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Peter Stanford (1927 – 2016)

President Emeritus of the National Maritime Historical Society

January 16, 1927 – March 24, 2016
The trustees and staff of the National Maritime Historical Society mourn the loss of Peter Stanford, President Emeritus, founder, longtime friend and generous benefactor.   We extend our deepest condolences to his wife, Norma, and to all the members of the Stanford family.  We are truly thankful for his extraordinary contributions to preserve the maritime heritage of the United States.  Peter Stanford is national treasure – and will be greatly missed.
Fair winds, Peter.

Peter Stanford was the founding president of South Street Seaport Museum in New York and the second president of the National Maritime Historical Society, after founding president Alan Hutchison. Under his leadership, the Society began publishing the distinguished quarterly magazine Sea History. Other NMHS publications included such works as the International Register of Historic Ships, The Peking Battles Cape Horn, and The Skipper and the Eagle.

National institutions founded by Peter Stanford under the National Maritime Historical Society’s auspices include The Council of American Maritime Museums (1972), the American Society of Marine Artists (1977), the American Ship Trust (1978), the Hudson River Maritime Museum (1979), and the National Maritime Alliance (1987).

Peter Stanford’s critical work was seen in the leadership role he took in saving historic ships. Ships saved by these campaigns included the lightship Ambrose, the brigantine Black Pearl, the barque Elissa, the schooner Ernestina (now Ernestina-Morrissey), the Liberty ship John W. Brown, the fishing schooner Lettie G. Howard, the steam tug Mathilda, the four-masted barque Moshulu, the four-masted barque Peking, and the great sailing ship Wavertree.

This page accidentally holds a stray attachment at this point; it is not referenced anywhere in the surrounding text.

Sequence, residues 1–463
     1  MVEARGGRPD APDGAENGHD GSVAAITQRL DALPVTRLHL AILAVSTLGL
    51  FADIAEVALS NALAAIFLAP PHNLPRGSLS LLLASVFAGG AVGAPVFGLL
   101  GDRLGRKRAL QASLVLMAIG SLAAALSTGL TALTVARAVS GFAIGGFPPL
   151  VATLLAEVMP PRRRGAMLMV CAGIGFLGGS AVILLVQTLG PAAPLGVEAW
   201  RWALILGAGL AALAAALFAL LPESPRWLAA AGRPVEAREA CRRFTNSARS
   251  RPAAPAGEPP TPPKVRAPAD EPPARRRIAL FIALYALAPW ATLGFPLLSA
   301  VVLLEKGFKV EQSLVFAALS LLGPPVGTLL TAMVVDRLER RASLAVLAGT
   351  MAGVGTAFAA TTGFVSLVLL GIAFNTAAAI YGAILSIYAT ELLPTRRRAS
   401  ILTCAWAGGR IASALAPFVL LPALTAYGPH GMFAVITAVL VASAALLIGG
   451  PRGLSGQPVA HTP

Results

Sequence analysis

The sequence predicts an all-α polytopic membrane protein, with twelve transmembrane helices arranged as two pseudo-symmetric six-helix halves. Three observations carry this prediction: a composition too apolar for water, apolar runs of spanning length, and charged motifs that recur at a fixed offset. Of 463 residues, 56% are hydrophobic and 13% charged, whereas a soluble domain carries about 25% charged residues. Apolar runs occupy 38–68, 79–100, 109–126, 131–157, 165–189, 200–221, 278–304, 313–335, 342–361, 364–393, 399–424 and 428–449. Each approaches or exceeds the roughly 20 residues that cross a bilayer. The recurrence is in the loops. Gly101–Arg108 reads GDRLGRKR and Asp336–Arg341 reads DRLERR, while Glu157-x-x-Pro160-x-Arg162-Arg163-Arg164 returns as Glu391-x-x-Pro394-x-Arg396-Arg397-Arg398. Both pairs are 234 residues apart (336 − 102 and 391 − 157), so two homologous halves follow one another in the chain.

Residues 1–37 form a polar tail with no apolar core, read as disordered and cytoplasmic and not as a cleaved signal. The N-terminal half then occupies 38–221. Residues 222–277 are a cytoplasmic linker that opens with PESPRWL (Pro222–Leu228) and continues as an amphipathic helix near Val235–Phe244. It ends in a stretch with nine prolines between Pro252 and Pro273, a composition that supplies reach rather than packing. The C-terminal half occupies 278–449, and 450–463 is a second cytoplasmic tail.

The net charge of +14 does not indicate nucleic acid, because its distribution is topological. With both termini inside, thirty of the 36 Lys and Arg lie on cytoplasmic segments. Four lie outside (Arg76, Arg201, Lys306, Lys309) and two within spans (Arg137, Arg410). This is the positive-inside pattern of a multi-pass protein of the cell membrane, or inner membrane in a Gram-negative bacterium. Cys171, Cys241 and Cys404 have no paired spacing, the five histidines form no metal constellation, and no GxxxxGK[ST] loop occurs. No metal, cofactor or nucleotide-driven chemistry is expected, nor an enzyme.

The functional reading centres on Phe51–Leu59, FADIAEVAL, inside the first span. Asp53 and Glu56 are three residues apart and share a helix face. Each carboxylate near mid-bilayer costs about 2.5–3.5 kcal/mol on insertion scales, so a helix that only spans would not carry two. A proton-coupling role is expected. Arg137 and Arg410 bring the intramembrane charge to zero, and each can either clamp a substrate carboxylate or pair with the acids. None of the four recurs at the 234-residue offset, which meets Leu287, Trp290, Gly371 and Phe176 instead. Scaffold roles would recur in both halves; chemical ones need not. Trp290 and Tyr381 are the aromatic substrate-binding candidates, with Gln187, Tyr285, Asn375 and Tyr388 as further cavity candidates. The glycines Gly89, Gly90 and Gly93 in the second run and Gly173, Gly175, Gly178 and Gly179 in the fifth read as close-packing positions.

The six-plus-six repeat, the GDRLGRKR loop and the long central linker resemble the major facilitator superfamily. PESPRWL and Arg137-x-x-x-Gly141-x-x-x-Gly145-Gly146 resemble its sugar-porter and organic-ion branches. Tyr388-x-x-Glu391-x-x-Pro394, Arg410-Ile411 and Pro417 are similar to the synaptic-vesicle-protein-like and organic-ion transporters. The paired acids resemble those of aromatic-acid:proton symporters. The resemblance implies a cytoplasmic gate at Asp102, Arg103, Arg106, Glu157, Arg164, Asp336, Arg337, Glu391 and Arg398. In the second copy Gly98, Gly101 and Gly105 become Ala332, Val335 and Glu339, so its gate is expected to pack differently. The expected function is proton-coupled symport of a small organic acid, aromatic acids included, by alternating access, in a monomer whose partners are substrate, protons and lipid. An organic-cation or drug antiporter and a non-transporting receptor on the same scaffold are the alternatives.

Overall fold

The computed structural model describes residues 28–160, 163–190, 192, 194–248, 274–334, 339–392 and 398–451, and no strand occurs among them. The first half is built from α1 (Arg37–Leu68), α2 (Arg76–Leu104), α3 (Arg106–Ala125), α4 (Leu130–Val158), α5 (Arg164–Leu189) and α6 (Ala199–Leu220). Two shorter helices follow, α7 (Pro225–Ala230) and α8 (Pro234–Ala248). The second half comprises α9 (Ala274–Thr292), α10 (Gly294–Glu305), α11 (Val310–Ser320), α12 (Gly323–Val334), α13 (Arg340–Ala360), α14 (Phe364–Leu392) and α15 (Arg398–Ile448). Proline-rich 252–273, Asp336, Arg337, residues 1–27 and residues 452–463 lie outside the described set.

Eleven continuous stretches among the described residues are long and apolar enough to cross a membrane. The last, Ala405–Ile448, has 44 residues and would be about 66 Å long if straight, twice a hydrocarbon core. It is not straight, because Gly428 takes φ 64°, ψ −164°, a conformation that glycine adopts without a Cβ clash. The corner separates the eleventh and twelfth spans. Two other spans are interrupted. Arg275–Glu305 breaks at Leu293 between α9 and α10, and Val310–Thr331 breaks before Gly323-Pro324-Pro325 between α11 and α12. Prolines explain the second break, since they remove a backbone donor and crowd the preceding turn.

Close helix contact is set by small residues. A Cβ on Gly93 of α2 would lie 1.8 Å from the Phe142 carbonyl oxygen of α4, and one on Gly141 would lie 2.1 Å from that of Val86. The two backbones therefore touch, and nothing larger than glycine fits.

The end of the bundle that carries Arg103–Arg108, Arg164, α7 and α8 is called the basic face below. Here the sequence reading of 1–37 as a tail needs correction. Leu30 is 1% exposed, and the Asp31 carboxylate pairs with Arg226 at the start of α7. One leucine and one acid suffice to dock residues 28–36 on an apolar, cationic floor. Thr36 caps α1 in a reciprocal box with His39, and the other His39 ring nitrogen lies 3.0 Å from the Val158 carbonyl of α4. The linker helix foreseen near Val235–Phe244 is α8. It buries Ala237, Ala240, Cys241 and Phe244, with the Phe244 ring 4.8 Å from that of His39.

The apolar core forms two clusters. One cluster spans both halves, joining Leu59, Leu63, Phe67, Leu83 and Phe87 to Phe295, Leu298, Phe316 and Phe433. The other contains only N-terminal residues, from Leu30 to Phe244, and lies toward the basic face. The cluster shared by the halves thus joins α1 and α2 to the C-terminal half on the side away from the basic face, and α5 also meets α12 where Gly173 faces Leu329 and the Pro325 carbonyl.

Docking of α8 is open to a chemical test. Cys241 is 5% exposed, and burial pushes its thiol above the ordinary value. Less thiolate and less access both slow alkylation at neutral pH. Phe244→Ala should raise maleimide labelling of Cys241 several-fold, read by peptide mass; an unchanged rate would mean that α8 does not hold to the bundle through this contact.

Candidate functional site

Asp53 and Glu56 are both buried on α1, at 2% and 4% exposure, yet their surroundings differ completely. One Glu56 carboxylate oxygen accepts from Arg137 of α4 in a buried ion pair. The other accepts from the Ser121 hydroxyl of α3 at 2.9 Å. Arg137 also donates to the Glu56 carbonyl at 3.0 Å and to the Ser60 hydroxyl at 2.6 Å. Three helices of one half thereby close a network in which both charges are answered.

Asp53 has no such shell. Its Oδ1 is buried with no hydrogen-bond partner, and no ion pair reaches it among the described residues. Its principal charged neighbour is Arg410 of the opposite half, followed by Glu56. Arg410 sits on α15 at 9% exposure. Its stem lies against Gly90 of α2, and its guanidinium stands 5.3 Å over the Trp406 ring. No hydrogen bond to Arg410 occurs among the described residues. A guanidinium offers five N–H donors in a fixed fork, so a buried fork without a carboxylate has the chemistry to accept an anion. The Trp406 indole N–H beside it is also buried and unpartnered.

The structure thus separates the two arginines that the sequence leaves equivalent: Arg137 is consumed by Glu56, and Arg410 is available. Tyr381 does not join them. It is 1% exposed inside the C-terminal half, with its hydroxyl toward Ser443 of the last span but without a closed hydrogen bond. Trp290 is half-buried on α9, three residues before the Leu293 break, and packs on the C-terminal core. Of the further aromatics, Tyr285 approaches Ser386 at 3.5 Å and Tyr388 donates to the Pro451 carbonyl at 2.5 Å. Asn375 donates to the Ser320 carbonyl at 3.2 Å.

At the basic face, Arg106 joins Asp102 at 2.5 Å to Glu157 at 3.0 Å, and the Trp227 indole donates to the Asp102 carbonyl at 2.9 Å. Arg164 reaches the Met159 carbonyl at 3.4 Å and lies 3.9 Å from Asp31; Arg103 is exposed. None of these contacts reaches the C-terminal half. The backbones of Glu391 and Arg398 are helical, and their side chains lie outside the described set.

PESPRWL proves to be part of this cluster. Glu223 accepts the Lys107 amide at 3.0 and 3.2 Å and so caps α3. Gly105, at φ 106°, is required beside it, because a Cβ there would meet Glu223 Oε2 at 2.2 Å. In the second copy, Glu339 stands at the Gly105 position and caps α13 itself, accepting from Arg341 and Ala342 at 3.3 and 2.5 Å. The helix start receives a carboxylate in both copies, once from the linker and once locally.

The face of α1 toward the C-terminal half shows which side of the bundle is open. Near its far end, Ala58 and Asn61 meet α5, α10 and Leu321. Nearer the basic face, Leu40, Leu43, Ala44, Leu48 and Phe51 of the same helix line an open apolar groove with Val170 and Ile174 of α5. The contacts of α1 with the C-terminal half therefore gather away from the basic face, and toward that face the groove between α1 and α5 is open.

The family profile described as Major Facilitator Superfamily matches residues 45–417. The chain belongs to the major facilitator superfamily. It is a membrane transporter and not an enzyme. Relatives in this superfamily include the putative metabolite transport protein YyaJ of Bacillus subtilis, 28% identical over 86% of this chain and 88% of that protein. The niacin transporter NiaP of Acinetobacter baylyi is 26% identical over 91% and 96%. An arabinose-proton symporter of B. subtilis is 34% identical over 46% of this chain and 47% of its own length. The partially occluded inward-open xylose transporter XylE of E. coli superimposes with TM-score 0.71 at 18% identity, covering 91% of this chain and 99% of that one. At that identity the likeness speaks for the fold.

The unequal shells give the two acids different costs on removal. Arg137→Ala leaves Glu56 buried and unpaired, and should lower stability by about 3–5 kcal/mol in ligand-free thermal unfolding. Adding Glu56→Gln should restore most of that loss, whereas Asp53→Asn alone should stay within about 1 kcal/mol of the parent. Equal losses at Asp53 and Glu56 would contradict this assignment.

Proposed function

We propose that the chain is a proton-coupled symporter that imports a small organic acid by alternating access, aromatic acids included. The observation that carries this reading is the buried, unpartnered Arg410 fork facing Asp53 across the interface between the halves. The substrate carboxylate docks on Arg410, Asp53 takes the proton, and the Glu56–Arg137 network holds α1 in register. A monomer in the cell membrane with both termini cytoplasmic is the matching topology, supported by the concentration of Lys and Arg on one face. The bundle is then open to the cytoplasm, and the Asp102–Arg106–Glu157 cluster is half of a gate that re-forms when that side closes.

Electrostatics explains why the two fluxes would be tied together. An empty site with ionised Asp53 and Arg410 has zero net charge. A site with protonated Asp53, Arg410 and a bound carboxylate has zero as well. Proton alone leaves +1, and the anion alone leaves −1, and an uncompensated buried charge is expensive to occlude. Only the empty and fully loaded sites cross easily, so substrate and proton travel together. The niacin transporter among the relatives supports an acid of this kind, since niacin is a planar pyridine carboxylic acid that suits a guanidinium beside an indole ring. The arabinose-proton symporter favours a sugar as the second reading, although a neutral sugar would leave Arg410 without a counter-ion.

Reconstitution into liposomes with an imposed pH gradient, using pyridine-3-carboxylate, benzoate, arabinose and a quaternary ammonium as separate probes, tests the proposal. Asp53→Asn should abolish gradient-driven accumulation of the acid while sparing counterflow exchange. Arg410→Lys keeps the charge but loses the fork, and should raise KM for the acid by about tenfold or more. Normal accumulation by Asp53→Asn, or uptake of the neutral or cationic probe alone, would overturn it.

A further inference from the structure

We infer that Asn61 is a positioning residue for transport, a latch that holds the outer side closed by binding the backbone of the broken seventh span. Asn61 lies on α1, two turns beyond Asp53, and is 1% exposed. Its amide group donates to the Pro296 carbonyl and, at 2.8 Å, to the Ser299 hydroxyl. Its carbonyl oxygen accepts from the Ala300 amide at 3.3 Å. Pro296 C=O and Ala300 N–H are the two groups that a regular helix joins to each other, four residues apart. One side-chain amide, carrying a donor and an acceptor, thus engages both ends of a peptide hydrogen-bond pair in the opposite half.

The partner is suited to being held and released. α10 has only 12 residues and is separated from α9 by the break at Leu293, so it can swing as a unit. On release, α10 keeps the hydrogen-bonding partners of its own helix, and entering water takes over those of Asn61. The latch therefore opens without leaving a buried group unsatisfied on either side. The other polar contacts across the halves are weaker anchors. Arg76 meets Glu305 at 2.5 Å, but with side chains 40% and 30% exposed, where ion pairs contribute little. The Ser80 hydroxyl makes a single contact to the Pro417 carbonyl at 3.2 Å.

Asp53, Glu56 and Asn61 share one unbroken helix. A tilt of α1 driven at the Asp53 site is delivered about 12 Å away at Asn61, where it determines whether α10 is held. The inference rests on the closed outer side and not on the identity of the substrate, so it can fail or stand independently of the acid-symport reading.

Mr. Stanford co-founded and supervised both OpSail 1976 for the nation’s bicentennial and the Statue of Liberty Parade of Sail in 1986 and was active in several maritime organizations, including the Working Harbor Committee of New York.

A native of Brooklyn and a naval veteran of World War II, Mr. Stanford was the author of hundreds of magazine articles and a number of museum books. His last book was A Dream of Tall Ships—How New Yorkers came together to save the city’s sailing-ship waterfront (Sea History Press, 2013). He earned a Bachelor of Arts degree from Harvard in 1949 and a Masters degree from King’s College, Cambridge, England, in 1951. He was also the recipient of an Honorary Doctor of Letters from the State University of New York Maritime College at Fort Schuyler.